LOUISVILLE, Ky. — Louisville Metro’s new police Chief Erika Shields answered questions Monday morning on her plan for the first 100 days as LMPD's leader.
Shields said a major focus is gun violence. Through the first 25 days in January, there have been more than a dozen murders in Louisville.
“It's troubling, and it's not something we can allow to continue further,” Sheilds said.
Her plan to address the violence includes getting illegal guns off the street.
“That has to be the central mission, and that's a huge part of what I want to get into the weeds this week with the commanders, is how are we staffing and what are we pursuing," Shield said.
Shields was also asked about how she plans to boost morale within LMPD, as officers have had to deal with a plethora of shake-ups when it comes to leadership. She is the city's fourth chief in less than 12 months.
"I want them to come to work wanting to come to work, and feeling respected, because the reality is, they will perform better," Shields said.
Part of ensuring officers are happy is making sure they are paid what she believes is necessary.
“LMPD has to figure out a way, as a city, to ensure that these employees are the highest paid in the state,” Shields said. “I come at it as a team effort. We need to do what we need to do to make sure that this city is taken care of."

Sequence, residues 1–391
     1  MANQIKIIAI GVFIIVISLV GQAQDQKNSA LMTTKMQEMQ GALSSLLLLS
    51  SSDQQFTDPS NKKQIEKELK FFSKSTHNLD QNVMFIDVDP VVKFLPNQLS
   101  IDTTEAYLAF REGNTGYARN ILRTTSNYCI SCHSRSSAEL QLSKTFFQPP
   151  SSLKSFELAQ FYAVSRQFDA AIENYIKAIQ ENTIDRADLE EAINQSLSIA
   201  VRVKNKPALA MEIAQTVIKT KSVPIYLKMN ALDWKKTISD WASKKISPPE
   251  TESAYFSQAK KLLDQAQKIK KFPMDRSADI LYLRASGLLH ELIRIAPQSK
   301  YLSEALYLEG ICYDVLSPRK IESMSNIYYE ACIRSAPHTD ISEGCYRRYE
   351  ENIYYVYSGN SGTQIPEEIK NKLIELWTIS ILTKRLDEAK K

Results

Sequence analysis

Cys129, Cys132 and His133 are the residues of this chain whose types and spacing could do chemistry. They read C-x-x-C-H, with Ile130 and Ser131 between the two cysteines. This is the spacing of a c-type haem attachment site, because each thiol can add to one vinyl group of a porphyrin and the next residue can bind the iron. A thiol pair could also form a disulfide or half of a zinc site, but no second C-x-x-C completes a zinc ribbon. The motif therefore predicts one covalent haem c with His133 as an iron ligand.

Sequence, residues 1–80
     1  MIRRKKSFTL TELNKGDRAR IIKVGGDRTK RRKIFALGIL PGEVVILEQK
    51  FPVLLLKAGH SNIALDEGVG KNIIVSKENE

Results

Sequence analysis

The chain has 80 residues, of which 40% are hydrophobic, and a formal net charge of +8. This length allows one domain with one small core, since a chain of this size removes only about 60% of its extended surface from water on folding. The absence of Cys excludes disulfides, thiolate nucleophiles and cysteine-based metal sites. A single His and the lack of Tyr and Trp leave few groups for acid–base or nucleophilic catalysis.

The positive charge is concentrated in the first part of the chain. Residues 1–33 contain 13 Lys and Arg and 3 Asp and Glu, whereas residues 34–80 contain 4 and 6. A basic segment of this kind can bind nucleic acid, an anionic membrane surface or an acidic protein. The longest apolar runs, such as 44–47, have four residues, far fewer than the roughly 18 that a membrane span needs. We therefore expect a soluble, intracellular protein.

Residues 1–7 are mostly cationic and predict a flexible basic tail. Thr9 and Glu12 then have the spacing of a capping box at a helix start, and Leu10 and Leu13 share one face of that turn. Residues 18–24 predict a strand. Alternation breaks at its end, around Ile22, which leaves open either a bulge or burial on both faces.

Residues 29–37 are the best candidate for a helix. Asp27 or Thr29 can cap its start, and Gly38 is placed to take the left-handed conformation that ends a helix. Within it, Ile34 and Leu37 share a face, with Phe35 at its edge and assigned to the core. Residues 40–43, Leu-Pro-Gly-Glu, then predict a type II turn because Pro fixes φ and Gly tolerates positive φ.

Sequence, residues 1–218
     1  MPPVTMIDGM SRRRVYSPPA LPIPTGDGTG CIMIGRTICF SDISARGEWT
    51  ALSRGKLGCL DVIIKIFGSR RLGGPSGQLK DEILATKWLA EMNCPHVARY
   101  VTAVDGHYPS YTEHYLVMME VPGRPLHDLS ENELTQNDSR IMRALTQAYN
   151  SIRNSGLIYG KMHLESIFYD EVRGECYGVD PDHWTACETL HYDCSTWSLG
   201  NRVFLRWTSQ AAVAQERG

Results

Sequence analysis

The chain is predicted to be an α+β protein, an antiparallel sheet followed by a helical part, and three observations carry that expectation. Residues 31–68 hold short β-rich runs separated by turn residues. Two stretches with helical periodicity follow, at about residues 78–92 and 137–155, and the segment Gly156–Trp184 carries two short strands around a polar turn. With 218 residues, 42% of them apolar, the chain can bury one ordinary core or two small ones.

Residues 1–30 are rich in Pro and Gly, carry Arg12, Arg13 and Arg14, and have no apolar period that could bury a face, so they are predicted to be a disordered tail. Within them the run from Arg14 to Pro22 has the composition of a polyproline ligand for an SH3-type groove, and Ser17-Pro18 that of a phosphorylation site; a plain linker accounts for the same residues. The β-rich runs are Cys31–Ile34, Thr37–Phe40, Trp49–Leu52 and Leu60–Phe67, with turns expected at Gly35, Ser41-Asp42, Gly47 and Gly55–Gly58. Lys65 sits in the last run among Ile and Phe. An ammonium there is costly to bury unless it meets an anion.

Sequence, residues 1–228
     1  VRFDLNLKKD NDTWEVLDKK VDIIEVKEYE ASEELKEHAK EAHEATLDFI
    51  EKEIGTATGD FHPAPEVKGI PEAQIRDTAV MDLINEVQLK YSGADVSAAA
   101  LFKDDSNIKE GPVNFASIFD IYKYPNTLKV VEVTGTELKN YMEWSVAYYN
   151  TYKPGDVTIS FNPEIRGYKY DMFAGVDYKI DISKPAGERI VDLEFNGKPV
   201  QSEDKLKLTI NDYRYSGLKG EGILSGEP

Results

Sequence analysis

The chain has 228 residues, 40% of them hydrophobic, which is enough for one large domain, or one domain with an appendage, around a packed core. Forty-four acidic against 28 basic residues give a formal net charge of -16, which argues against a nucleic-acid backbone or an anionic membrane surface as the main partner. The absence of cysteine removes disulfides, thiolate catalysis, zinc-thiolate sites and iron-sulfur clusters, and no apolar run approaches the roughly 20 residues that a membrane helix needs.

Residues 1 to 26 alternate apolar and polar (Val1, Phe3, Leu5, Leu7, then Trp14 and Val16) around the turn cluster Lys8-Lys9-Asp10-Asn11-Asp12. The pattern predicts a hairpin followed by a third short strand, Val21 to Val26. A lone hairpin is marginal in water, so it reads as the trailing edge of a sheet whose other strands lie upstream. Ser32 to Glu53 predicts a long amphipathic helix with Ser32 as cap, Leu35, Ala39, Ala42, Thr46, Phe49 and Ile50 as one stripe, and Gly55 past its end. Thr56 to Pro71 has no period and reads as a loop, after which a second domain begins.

In addition to pay, Shields spotlighted communication — making sure officers are heard.
"When people are down, it's hard to see the light, and my goal is, 'Listen, there is a light. Walk with me, we're going to get there,'" Shields said. "It's been an emotional time for this city, I think this city is tired, and I really hope that as we move forward, we can move forward collectively and have a positive energy."
Shields said she will work to get the trust of officers, and of the community.
“It's been difficult to navigate and what I will say is I think there are some things I'll only be able to accomplish when given time," Shields said.
Diversity and inclusion will also be a priority in 2021. Shields said LMPD should have around 10-13% more Black employees to better represent the city's demographics.
“The city is about 25% to my understanding, and the department is about 13%. That's short," Shields said.
As for Jefferson Square Park, a place that has become the heart of Louisville's fight for racial justice, Shields said she does not have plans to address its future at this time.
"Obviously Jefferson Square needs to be handled with a huge amount of respect,” Shields said. “It's become central to the fight for civil rights and inequitable treatment. I have no plans other than to listen and work with others to figure out what is an acceptable future for the park."
City leaders, residents and even department members have pushed for more transparency from LMPD in recent years. Shields told WHAS11 what that word means to her.
"You own it. When you screw up as a law enforcement agency, the damage is done. You only compound the issue if you try to massage it and skirt around it," Shields said. "So it's one, this is what happened, and two, truly holding people accountable.”
Mayor Greg Fischer said Shields was the "unanimous choice" to become the department's new chief when her position was announced earlier this month.
Shields has worked in law enforcement for 25 years, first joining the Atlanta Police Department in 1995 as a patrol officer. She rose through the ranks, eventually commanding APD's public standards unit and developing the department's policies.